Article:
We know a lot of people look at the videos and think, oh, this is an open world game, but the whole design element, the starting point and the idea behind the island that we created, was really the linear platform action, not building an open world.
GamesBeat: Some Sonic games have a lot of story elements, and some not so much. Where does Frontier land?
Iizuka: In a lot of the previous games, the storytelling was very direct to the player. It would always be, Eggman has arrived, Eggman has done something wrong, now I have to do something to make Eggman do something. It was this direct storytelling where you would passively accept all these things happening and then go out and do something about it.
The storytelling techniques we’re using for Frontiers are a little bit different. We wanted to have you experience things as Sonic would experience them, in a very mysterious format. You show up on the island, but why are you here on the island? What even are these islands? That’s the mystery we wanted to set up, and have you figure that out as you explore the islands. You’re going around and figuring out more of the mysteries. You’re learning more about what’s going on in the story. Because you’re going out and experiencing it while playing as Sonic. We’re advancing the storytelling, and that’s what I think is going to be different about the storytelling in Frontiers compared to previous Sonic games.
GamesBeat: The music also seems different in an interesting way. Usually Sonic music is loud and energetic. This is almost sort of … soft and pretty? Why the change for this game?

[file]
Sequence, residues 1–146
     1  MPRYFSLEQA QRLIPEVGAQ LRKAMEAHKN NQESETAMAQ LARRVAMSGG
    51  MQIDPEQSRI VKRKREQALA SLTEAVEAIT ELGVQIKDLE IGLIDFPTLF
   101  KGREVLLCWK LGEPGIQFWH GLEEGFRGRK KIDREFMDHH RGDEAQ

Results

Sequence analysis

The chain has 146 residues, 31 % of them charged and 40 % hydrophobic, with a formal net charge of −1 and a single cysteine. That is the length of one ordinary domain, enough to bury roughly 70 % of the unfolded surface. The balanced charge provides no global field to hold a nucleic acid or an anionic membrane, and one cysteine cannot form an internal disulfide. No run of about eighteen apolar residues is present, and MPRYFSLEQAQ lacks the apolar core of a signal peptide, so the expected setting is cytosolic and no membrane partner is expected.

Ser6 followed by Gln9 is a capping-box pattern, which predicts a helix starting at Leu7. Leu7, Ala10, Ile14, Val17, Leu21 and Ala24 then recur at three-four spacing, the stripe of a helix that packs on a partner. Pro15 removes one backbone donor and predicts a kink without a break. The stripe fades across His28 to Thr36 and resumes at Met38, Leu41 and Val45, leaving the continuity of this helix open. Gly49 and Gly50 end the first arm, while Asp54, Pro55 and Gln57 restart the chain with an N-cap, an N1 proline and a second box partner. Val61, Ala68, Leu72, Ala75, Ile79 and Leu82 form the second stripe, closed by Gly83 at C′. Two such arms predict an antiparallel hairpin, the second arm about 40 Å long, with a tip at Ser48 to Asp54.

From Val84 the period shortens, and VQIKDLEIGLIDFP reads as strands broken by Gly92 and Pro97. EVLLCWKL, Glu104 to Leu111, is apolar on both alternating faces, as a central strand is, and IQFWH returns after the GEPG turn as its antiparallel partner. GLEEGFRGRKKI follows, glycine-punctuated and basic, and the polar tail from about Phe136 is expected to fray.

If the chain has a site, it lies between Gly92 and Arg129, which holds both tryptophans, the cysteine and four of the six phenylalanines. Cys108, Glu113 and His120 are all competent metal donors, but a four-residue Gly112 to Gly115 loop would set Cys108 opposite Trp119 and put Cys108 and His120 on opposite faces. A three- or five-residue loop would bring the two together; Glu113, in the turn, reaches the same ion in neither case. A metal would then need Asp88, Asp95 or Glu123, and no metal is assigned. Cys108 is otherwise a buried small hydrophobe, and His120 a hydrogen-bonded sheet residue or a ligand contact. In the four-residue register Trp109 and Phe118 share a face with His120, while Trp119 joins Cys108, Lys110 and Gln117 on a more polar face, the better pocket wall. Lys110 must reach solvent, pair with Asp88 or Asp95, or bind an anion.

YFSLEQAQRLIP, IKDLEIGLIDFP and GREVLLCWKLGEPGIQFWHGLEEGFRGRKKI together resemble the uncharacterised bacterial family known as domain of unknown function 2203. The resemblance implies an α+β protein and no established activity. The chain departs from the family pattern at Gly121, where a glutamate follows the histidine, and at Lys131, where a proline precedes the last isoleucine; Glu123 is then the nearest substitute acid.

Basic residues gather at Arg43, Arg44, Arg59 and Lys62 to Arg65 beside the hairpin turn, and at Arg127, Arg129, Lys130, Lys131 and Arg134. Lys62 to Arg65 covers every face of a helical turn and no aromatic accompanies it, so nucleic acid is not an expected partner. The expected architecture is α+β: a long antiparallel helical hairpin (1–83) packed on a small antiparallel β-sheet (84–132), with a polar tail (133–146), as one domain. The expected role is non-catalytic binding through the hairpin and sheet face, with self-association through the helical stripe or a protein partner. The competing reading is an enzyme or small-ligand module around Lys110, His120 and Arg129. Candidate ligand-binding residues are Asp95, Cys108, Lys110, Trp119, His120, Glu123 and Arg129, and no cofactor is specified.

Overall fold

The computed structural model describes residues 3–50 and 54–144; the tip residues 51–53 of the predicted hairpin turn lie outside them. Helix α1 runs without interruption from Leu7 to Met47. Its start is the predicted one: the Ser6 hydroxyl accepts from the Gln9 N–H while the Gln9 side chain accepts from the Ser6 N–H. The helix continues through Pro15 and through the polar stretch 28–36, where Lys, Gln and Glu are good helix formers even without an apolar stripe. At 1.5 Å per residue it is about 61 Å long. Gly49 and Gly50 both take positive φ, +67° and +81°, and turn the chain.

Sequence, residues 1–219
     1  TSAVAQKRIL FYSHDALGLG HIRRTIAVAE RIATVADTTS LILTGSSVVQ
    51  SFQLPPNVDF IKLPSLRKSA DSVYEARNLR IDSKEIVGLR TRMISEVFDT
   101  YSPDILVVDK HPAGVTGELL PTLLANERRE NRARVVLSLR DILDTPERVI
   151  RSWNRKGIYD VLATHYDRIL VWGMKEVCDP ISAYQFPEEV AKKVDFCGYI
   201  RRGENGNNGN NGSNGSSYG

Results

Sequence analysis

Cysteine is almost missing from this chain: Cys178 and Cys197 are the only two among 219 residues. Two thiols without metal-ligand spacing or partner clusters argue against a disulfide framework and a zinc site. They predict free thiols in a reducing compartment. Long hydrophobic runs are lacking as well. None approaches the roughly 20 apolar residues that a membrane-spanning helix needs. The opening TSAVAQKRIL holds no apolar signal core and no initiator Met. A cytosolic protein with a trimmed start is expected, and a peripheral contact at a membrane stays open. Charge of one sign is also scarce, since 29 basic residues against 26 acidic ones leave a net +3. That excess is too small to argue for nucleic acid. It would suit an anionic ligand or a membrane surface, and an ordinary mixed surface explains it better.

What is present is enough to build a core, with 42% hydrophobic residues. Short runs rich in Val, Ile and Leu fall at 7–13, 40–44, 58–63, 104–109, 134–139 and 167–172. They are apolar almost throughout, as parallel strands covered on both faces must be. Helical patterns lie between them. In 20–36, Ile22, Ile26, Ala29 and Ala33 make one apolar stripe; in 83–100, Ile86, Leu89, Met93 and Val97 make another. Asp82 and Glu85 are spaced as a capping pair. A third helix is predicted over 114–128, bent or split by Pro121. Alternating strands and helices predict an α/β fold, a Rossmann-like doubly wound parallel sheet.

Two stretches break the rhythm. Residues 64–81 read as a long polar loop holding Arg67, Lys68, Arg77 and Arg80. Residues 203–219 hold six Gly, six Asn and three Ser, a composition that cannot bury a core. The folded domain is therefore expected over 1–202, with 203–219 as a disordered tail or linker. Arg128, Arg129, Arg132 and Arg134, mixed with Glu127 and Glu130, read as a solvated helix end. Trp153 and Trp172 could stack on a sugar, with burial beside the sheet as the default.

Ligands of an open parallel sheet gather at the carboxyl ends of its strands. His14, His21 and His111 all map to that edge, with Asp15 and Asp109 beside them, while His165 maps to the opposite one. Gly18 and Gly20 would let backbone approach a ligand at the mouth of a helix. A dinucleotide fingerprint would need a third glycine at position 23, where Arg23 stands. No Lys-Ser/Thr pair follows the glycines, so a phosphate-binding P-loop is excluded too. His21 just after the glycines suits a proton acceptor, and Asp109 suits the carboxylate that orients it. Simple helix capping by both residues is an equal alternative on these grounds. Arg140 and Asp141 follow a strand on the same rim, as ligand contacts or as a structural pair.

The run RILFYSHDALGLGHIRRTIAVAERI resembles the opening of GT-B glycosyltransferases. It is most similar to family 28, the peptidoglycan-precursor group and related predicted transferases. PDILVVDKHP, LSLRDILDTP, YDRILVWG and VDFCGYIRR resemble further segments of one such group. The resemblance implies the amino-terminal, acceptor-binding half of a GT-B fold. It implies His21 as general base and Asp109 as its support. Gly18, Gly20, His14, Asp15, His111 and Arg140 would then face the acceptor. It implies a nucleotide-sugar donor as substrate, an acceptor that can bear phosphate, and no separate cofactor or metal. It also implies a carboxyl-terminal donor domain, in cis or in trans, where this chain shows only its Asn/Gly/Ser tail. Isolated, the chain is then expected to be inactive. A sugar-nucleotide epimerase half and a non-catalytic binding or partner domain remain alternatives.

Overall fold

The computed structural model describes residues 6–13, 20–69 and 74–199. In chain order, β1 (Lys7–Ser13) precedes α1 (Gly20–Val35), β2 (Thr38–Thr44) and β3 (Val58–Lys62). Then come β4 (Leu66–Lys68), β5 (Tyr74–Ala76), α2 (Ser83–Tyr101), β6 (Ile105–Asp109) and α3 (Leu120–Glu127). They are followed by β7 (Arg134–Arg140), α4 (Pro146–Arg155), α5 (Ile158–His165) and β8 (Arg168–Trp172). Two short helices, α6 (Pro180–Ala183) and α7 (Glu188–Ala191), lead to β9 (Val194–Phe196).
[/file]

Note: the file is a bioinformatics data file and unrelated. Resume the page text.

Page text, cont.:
Iizuka: It kind of ties into the story. We have Tomoya Ohtani, who’s been a music composer on many Sonic games previously, and a lot of his music is that really heavy rock, meant to get you excited, pump you up, go out and have a fun time. He’s done that kind of music before. When he heard about the story, and the kind of mystery and intrigue that’s going to be conveyed on the islands, he went and made music that would be a great fit for that feel. If you have this mysterious music alongside the mysterious story, it really fits. We think he did a great job of making sure you could feel that bit of anxiety, the sense that you’re not sure what’s going on, that mystery. That’s all part of the music that matches along with the game.
GamesBeat: Sonic fans can be pretty intense, pretty passionate. Is it scary showing a new game sometimes, especially one like this that’s a bit different?
Iizuka: I’m always interested in how the fans react to the things we announce, the things we show them. They are, as you say, a very passionate group. When we look at the previous games, the first generation was side-scrolling, that classic Sonic gameplay. The second generation was the more modern gameplay, from Sonic Adventure on. What we’re doing now is taking the next step. This is the third generation, almost. We know we’re showing fans something new that maybe doesn’t make sense to them yet.
But we really wanted to think about where we need to take Sonic for the next 10 years. What kind of gameplay do we need to start building out to keep people excited for the future? Sonic Frontiers is that next step for the next 10 years. We hope that fans believe in us and that they enjoy what we’re showing them. We’re looking forward to when they get to play it and really understand what it’s about.
GamesBeat: We’ve been seeing a lot of gameplay already, and you’re still targeting this year for release. Are you feeling confident about that release window still?
Iizuka: Everyone’s working very hard to keep everything moving forward to release this year. We’re having a good time sitting here, but the team in Tokyo is really putting in long hours to make sure we can deliver something amazing for the fans this year. Game development is always so tough. We want to put more in. We want to do better. We want to make sure the fans are impressed. Everyone in Tokyo is working hard to make that happen.